Decisions, Decisions

On Monday mornings, I send out a story via email: ultra-brief tales of 1,000 words or more, usually in genres including horror, science fiction, and the supernatural. Those stories collectively are called Once Upon A Time. I’ve also published several ebooks and compendium volumes of those stories so far.

I’d love to have you as a subscriber to the weekly free story. You can subscribe via email here. Unsubscribe any time, from the link in every issue.

Decisions, Decisions

The strike team was almost in position, and satellite imagery showed the unassuming house lit up in unnatural monochromatic inverse. There were three vehicles in the courtyard, six armed guards visible around the perimeter, and the five-man incursion force was less than a hundred metres away.

Blue or yellow, the colonel wondered to himself, just as he had been all day.

“Two minutes, sir,” his adjutant said, all starch and tension as usual. The younger man was of superior rank to everyone else in the room besides the colonel himself, and he conducted himself with precision and economy.

The operation had been in the planning stages for two months, and the setup and intelligence-gathering had taken almost three years. It was difficult to believe that the day had finally arrived. It was also difficult to believe the costs involved, but the colonel knew that the figure was accurate. It wasn’t cheap to get five of the most elite soldiers in existence into a hostile country, covertly, with gear and local contacts, and get them on-site for a strike operation with barely a nine-hour window of viability when all desired targets would be present and contained.

The blue is much nicer to look at, the colonel thought. But there’s gender stereotyping to be considered these days.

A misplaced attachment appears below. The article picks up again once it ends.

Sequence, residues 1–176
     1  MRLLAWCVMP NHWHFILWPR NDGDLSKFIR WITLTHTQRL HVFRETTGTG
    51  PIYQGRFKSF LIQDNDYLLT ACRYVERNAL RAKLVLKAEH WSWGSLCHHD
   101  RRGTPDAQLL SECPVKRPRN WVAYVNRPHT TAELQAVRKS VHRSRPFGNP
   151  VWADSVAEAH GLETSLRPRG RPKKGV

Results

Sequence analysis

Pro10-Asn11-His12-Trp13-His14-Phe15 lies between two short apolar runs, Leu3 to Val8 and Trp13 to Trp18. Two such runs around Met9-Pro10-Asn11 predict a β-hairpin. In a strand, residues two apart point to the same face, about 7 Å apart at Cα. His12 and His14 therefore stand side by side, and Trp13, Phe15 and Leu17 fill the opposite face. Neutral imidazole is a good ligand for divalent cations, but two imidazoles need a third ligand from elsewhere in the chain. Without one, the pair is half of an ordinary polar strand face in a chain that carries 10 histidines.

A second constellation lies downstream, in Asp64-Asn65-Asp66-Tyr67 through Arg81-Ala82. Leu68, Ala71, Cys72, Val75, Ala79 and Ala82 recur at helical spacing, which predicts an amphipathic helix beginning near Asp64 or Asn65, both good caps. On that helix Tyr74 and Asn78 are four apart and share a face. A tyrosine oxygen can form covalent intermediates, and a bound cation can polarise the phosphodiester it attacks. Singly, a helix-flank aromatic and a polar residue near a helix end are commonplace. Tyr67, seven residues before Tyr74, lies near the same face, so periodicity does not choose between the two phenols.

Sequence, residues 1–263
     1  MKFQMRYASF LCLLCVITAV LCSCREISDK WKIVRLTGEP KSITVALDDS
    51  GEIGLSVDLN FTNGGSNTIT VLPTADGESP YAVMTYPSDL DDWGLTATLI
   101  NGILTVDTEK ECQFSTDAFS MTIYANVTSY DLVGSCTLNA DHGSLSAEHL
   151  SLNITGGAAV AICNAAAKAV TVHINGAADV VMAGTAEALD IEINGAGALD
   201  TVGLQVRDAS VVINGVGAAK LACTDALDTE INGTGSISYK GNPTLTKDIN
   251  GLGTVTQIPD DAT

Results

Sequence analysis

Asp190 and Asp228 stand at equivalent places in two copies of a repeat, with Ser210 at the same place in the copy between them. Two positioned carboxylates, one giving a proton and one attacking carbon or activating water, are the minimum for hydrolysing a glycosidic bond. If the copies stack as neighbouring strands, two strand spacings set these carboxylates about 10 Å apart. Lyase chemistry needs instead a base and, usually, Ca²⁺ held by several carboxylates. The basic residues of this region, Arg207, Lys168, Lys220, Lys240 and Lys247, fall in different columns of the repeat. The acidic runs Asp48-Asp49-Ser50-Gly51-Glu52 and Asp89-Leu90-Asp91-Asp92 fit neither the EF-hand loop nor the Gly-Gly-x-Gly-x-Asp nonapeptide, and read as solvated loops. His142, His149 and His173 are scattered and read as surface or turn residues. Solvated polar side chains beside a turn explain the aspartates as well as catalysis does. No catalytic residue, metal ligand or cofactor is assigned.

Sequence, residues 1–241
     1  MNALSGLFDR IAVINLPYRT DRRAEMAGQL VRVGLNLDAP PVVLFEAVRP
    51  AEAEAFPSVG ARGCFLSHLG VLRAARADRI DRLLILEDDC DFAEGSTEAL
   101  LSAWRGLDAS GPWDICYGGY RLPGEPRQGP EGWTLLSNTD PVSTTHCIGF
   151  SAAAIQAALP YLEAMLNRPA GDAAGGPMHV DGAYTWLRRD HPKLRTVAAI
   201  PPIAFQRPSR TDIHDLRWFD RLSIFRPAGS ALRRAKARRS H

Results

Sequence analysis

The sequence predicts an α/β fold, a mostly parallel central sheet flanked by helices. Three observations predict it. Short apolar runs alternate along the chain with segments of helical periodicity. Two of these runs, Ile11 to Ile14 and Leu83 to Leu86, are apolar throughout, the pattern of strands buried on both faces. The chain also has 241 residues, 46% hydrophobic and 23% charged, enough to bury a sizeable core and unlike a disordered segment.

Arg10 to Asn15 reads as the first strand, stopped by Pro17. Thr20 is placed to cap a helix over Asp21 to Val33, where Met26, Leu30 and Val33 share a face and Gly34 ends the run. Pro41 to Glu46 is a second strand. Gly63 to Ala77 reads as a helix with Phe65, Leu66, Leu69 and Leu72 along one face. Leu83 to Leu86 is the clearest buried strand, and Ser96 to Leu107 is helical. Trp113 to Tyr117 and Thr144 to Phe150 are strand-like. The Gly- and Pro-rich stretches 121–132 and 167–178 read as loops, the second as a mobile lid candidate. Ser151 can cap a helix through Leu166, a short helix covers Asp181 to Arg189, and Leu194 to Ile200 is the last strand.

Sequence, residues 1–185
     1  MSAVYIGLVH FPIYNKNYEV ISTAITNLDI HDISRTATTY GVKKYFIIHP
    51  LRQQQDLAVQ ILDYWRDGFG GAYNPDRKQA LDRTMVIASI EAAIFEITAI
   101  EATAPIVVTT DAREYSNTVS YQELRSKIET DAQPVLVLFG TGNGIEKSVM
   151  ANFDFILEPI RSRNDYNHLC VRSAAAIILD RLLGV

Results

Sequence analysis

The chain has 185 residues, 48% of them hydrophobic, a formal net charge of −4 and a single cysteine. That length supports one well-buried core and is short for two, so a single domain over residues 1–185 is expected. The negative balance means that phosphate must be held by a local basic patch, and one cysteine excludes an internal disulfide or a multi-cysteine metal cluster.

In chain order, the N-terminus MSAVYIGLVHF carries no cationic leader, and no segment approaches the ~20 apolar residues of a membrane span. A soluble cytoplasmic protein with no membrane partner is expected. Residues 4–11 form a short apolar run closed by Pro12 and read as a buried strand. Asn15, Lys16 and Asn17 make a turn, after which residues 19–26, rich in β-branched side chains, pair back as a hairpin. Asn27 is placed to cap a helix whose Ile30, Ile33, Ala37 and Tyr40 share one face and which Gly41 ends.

There were three high-value targets in the house, with the simple designations of Oscar, Sierra, and Tango, based on their respective initials. Oscar had been responsible for a car bomb in Madrid that detonated adjacent to a school bus, killing fourteen children and maiming the additional unlucky eleven who survived. Sierra was the mastermind behind the release of a nerve agent into the ventilation system of the offices of a satirical magazine which had published unflattering caricatures of certain religious figures. Tango was Oscar’s wife, and known by the intelligence services to be instrumental in radicalisation and training of the endless supply of willing and eager extremists of the future. To get all three in the same building was little short of a miracle, even though they had been friends and compatriots for decades.

“One minute,” the adjutant said. “All indications are green, sir.”

The colonel nodded, glancing at the large screen and the various smaller ones too. He could see the house, both in enhanced video and thermal profile, from above, and he also had three different ground-level views from cameras placed by operatives only hours before. There was an additional satellite view of the strike team moving through the late-evening shadows of an alleyway which led to an area of ground adjacent to the house.

Yellow is neutral, he thought. And he likes yellow, I think. It would be perfectly acceptable. But the blue does look better.

“In position, sir,” the adjutant said. “Go on your command.”

“Order them to proceed,” the colonel said, glancing at the time displayed in one corner of the large screen. It was shown in local time for the country, but he could do subtraction easily enough. By the time this was over, it would be quite late when he arrived home. Hopefully his wife would be asleep. He would have someone drive him into the city tomorrow morning before returning to the base.

“Strike team breaching now,” the adjutant said, entirely unnecessarily since the satellite feed was remarkably clear.

The colonel watched as the five highly trained men killed all six guards in less than two seconds, then entered the building one by one. He shifted his gaze to the thermal imagery, provided not by a satellite, but a drone in position high above the building.

He’s four years old, but children are so aware of things these days, the colonel thought. Would he be self-conscious about the yellow? Will all his friends have bicycles that are blue? Or red?